Reading Professor Waugh's excellent essay this morning made me focus on the one aspect of solid reality found in "The Outsider" -- "a cold and unyielding surface of polished glass." This seems to be a reality from which there is no escape, and yet the creature that expresses it is one that rides with the mocking ghouls on the night-wind, an activity that can be experienced, one would imagine, in dream alone.
What can we decide regarding the Outsider's gender? Mollie Burleson has written an essay in which she explains why she considers the creature female--but I find the essay unconvincing, as it seems, to me, to paint a limiting and uninspired picture of that which constitutes womanhood. However, I find the idea intriguing, and in the novella that I have recently written with David Barker, "In the Gulfs of Dream," I have presented the Outsider as one of female gender. Professor Waugh writes (THE MONSTER IN THE MIRROR, page 115), "Since this is a first-person narration, the 'I' prevents the specificity of either 'he' or 'she' from being uttered (as I have tried to avoid those words, though 'it' is surely unsatisfying also); we cannot know whether the Outsider is a man, woman, or a something to which gender is indifferent..." But I think it is clear that H. P. Lovecraft saw the Outsider as male, for the first three words of the story are, "Unhappy is he..." (my emphasis.)
This is one example of why I find the superb weird fiction of H. P. Lovecraft endlessly fascinating, to ye point of obsession. I have not mention'd ye prose style of the story, which Lovecraft described (if indeed he was speaking of narrative style in this statement), as representing "...my literal though unconscious imitation of Poe at is very height." (Selected Letters III, page 379). That's a delicious word--"unconscious." Lovecraft blasted the prose style of the story years after writing it, and seems to be the reason why he came to dislike the story; but I find the prose exactly right, and very beautifully evocative. Each time I read or listen to the story, I delight in it more than ever. It is a classic example of that wondrous creature we call "Lovecraftian horror."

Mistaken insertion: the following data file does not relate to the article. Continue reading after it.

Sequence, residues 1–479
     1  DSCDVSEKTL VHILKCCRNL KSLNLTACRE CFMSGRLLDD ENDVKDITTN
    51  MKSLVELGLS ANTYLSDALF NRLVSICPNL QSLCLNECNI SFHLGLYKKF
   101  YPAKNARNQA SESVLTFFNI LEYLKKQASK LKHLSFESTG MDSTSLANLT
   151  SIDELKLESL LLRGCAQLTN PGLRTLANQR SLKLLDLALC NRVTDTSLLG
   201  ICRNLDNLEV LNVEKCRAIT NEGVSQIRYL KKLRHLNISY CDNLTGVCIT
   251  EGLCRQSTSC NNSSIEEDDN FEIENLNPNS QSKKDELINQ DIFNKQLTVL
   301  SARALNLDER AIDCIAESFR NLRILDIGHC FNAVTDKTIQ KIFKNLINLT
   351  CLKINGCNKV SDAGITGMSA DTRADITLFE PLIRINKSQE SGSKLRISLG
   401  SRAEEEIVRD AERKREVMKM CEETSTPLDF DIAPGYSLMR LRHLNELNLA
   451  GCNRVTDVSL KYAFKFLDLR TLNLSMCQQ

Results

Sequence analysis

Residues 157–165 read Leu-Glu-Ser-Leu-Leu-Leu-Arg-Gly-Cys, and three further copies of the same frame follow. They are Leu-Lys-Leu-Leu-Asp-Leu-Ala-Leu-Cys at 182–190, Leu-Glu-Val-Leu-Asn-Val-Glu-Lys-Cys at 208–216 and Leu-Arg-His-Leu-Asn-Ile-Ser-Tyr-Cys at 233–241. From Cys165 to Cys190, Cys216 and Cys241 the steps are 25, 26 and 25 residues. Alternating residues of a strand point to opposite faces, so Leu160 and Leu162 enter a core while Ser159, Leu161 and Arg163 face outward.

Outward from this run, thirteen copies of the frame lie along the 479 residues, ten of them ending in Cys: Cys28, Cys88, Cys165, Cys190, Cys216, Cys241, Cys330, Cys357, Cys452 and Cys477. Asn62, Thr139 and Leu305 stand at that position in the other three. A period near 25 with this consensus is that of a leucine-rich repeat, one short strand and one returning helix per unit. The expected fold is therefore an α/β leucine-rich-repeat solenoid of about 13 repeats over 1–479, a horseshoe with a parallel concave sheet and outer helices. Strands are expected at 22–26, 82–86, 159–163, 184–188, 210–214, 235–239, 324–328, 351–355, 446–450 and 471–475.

[postscriptum: I found that I cou'd not resist returning to Older's anti-Lovecraft blog one last time; but instead of calling him rude names I concentrated on promoting the genius of H. P. Lovecraft. Older mocked me because I used the word "genius" in reference to E'ch-Pi-El--but I found another writer who has also used the word, in a scattering of pre-publication reviews of Leslie S Klinger's forthcoming The New Annotated H. P. Lovecraft:
"Erudite and informed, often playful, just as often dryly funny, Klinger's remarks open up a breathtaking, authoritative, affectionate vision of this cherished but often misunderstood genius of weird fiction." --Peter Straub, author of Koko and A Dark Matter, editor of H. P. Lovecraft's Tales from The Library of America.]